Financing the Eiffel Tower: Project Finance and Agency Theory
15 Pages Posted: 4 Dec 2015
Date Written: 2010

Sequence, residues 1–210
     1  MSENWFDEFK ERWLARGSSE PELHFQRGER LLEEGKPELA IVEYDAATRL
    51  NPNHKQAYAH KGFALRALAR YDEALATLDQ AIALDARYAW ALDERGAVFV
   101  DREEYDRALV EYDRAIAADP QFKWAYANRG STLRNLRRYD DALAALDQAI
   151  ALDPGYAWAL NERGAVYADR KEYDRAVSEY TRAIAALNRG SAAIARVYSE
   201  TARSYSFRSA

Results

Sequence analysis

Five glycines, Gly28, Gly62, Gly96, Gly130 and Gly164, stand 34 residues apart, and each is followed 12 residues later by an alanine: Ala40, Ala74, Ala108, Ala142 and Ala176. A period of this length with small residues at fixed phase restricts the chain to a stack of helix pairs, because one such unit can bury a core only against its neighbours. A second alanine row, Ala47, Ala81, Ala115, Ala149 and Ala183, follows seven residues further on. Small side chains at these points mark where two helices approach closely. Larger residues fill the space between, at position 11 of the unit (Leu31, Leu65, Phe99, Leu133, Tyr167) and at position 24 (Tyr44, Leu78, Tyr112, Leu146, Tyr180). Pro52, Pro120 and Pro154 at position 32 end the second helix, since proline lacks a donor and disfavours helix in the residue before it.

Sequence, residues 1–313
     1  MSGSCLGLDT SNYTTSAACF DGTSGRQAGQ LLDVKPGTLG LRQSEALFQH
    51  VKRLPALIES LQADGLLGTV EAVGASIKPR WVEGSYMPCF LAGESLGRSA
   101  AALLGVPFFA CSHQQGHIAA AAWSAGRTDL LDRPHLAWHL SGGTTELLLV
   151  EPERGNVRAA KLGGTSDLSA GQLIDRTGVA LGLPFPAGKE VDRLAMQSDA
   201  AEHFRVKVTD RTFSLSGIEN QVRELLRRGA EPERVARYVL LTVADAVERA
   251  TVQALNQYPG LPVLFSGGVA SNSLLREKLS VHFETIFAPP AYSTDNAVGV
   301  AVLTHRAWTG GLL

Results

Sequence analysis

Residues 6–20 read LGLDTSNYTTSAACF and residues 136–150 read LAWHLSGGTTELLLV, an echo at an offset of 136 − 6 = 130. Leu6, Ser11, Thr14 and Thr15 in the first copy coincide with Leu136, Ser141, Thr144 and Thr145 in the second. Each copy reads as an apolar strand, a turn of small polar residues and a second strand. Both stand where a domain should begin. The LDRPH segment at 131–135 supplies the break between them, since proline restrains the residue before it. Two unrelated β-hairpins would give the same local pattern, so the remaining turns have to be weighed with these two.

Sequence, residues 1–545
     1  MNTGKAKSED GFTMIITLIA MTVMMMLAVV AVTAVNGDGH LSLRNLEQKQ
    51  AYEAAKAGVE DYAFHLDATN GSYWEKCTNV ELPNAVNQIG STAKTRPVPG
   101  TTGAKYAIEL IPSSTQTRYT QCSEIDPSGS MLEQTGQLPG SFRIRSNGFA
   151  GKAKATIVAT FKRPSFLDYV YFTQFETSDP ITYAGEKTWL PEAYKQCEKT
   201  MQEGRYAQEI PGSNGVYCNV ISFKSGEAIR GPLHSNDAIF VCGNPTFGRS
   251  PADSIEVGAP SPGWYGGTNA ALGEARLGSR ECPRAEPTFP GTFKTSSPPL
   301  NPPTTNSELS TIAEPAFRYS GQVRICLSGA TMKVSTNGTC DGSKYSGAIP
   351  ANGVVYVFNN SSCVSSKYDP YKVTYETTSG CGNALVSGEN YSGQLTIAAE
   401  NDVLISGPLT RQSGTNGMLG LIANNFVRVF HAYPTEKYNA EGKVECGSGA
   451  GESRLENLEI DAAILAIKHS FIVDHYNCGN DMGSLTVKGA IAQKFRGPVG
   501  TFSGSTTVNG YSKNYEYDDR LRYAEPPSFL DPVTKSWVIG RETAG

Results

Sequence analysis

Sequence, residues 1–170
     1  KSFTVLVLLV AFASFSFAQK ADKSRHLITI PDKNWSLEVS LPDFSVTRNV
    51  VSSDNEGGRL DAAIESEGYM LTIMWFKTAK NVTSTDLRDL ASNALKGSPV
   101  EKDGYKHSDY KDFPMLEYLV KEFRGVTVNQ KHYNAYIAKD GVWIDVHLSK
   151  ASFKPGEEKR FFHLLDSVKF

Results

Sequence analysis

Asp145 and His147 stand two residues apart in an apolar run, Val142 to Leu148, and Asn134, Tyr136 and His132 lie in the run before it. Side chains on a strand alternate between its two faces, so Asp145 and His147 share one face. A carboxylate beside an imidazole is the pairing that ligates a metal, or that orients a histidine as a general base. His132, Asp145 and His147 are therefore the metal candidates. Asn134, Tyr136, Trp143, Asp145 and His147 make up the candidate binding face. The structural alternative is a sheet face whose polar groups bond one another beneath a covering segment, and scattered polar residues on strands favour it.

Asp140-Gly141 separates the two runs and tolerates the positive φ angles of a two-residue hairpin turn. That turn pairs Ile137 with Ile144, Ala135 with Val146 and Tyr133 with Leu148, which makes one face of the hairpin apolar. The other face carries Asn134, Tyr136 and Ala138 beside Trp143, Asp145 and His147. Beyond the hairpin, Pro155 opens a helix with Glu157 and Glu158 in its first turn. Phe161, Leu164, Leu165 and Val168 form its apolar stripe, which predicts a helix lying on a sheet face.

The City of Paris’s Eiffel Tower, the world’s tallest structure at its completion in 1889, has come to symbolize Europe itself. It is an embodiment of what we now call project finance. Under this model, a public grantor awards a concession to a project’s private sponsor. The sponsor builds the project, financing it with equity and (mostly) limited-recourse debt, and uses revenues from operation of the project to service the debt. At the end of the concession, the sponsor or builder returns the infrastructure of the project to the public authority. The success of project finance depends on an optimal allocation of risks among all parties, including principals and agents. Agency theory provides us a way to characterize the myriad problems arising from agent-principal conflicts in such large complex projects in the modern corporate world. A positive agency theory model is built here through a detailed analysis of property rights exchanged in the transactions needed to build the Eiffel Tower. Analysis of the original financial documents and contracts for the Tower reveals how specific provisions in the contracts combined to reduce agency costs all around. Thus a model derived from positive agency theory may help us better understand modern project finance.
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